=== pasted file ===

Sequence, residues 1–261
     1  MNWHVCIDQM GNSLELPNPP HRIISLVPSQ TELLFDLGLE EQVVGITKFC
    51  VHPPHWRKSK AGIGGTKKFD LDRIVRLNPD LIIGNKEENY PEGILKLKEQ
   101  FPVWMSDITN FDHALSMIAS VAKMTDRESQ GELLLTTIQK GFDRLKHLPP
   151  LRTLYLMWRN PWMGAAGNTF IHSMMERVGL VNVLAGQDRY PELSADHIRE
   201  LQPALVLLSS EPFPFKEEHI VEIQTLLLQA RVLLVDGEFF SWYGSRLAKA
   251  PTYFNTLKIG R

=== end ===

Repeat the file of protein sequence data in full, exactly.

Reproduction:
Sequence, residues 1–261
     1  MNWHVCIDQM GNSLELPNPP HRIISLVPSQ TELLFDLGLE EQVVGITKFC
    51  VHPPHWRKSK AGIGGTKKFD LDRIVRLNPD LIIGNKEENY PEGILKLKEQ
   101  FPVWMSDITN FDHALSMIAS VAKMTDRESQ GELLLTTIQK GFDRLKHLPP
   151  LRTLYLMWRN PWMGAAGNTF IHSMMERVGL VNVLAGQDRY PELSADHIRE
   201  LQPALVLLSS EPFPFKEEHI VEIQTLLLQA RVLLVDGEFF SWYGSRLAKA
   251  PTYFNTLKIG R